All posts by Arthritis Foundation

mood booster arthritis pain

Mood Boosters for Coping With Arthritis Pain

When arthritis pain strikes, it may be tempting to withdraw and crawl back into bed. But giving in to this feeling may worsen the pain, says Marni Amsellem, PhD, a Connecticut and New York-based clinical health psychologist. Instead, having a list of mood boosters is a better way to cope with arthritis pain, she says. A fun activity can take your mind off the pain and brighten your outlook.

Here’s some suggestions to help get you started:

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arthritis video game workout

Add Video Games to Your Arthritis Workout Plan

Think video games are just for kids and couch potatoes? Think again. Some games incorporate exercise, getting players up and moving. Called “exergaming,” this trend is on the rise in homes, gyms, physical therapy offices and rehabilitation centers.

Made popular by the Nintendo Wii, these interactive games use a handheld controller or sensors to track your body’s movement. That puts you in the game: You swing your arm to hit a baseball, jab in a boxing match or dance to earn points.

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telling your loved ones you have arthritis

How to Share Your Feelings About Arthritis with Loved Ones

If you feel that your friends and family don’t understand how arthritis really affects you, you’re not alone. Not only are arthritis symptoms often invisible, but they can come and go. Some days, you may feel great and energetic; other days, you might be too tired or sore to be active. People who don’t have a chronic condition may not get how different your experience can be from one day to the next, says rheumatologist J. Michael Finley, DO, an associate professor of internal medicine at Western University of Health Sciences College of Osteopathic Medicine of the Pacific in Pomona, California.

Use these tips to help friends and family understand what you’re dealing with – and possibly improve your relationships.

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tumeric and curcumin

Turmeric Probably Won’t Help Your Arthritis (But Curcumin Might)

Turmeric has moved to the top of the healthy food chain. The 4,000-year-old staple of Southeast Asian  cooking is showing up everywhere, including ballpark snacks and Starbucks lattes. It’s easy to understand why; turmeric’s most active component, curcumin, is a powerful anti-inflammatory and antioxidant that may help treat or prevent diseases ranging from arthritis to ulcerative colitis and cancer. But does adding turmeric to your latte or plate of chicken masala do these things?

Not likely, says Randy Horowitz, MD, medical director of the University of Arizona Center for Integrative Medicine in Tucson.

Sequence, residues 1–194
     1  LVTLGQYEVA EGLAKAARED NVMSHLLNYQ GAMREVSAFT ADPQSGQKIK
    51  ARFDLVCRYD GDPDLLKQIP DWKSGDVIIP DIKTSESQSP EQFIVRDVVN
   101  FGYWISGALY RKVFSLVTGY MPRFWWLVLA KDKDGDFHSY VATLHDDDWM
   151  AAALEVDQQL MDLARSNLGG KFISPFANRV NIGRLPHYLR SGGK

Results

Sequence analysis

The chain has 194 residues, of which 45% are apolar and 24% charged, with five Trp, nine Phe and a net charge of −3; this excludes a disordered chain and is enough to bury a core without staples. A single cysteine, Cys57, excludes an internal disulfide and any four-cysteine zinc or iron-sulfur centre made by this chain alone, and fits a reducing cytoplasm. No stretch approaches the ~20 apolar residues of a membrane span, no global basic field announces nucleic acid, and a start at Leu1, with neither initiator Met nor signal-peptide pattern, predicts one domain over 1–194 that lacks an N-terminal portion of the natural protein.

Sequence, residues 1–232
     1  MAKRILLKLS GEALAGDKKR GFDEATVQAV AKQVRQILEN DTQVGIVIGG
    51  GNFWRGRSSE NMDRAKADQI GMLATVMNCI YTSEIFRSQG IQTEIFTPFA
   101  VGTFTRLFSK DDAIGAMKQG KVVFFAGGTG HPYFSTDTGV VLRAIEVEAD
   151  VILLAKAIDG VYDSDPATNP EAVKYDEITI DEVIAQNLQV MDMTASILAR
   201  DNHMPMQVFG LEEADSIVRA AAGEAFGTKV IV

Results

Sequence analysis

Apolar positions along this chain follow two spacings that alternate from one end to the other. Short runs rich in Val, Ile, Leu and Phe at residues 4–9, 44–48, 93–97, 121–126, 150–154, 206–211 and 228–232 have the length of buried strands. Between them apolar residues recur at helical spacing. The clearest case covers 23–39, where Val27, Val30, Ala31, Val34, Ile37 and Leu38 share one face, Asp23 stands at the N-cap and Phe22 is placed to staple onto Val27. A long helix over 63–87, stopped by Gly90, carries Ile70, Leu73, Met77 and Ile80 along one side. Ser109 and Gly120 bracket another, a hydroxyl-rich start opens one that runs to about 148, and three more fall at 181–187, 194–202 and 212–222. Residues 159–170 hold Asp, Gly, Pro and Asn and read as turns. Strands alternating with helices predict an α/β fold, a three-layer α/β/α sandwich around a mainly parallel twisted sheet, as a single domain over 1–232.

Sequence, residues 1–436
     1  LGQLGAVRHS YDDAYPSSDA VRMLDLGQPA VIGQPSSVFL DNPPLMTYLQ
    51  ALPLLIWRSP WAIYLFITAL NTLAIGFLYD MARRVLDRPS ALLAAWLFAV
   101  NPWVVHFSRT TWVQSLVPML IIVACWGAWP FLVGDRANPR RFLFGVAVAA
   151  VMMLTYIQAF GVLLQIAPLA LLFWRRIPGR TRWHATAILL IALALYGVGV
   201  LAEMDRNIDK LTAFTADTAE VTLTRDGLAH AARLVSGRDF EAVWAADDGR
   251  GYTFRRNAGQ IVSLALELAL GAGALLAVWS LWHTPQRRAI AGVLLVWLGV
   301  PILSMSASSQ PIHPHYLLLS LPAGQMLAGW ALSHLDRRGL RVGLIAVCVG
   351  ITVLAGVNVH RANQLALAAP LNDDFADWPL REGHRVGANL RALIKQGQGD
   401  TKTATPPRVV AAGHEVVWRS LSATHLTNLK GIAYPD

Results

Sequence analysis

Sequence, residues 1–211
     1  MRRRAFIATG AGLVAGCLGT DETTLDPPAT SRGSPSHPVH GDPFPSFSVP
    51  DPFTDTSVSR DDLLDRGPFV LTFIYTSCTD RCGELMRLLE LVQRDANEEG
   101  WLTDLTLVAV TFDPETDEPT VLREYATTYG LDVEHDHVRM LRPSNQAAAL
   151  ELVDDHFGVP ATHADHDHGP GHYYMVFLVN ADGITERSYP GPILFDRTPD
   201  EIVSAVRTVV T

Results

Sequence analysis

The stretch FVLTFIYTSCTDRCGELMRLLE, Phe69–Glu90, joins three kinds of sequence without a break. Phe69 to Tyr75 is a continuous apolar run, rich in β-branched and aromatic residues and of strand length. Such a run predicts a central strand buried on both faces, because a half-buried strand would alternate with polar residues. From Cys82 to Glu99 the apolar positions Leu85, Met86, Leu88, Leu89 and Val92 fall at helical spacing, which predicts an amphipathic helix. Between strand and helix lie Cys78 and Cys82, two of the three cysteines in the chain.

“Turmeric only contains about 2 to 6 percent curcumin, so you’re not getting much [of the anti-inflammatory effect],” he says.

Ground turmeric has other strikes against it. Ezra Bejar, PhD, a San Diego-based expert in botanical research, warns that with turmeric’s increasing popularity, unscrupulous manufacturers are adding synthetic turmeric to the real thing. Some additives, like vibrantly yellow lead chromate, are toxic. In the last few years, 13 brands of turmeric have been recalled for lead contamination.

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fall walking workout for arthritis

Make Your Arthritis Workout More Social This Fall

The air is crisp. The leaves are changing colors. You’re in a great walking groove. But the days are getting shorter. The temps are getting colder. Don’t let the changing seasons get you off track. Nothing’s worth compromising your health.

“We know that walking is important for people with arthritis for a number of reasons, from reducing pain and fatigue to preventing weight gain and boosting your mood,” says Michael Mantell, PhD, a spokesperson for the American Council on Exercise. Try these strategies to keep your feet moving this fall:

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healthy pumpkin spice

Healthy Pumpkin Spice? Reach for the Real Thing

It’s fall, which means pumpkin spice season is upon us. The craze has spilled over from Starbucks’ Pumpkin Spice Latte to everything from yogurt to beer to doughnuts. But for all their flavorful goodness, many of these seasonal treats aren’t good for you. If you enjoy the flavor but want a healthier alternative, try real pumpkin.

“The fact that it’s a low-calorie food makes it a great option for people who might be trying to lose weight,” says Marisa Moore, a registered dietitian in Atlanta. Pumpkin is high in fiber, so it helps you feel full longer. Plus, it’s packed with inflammation fighters beta carotene and vitamins B6 and C, as well as bone-healthy magnesium – all great nutrients for people with arthritis.

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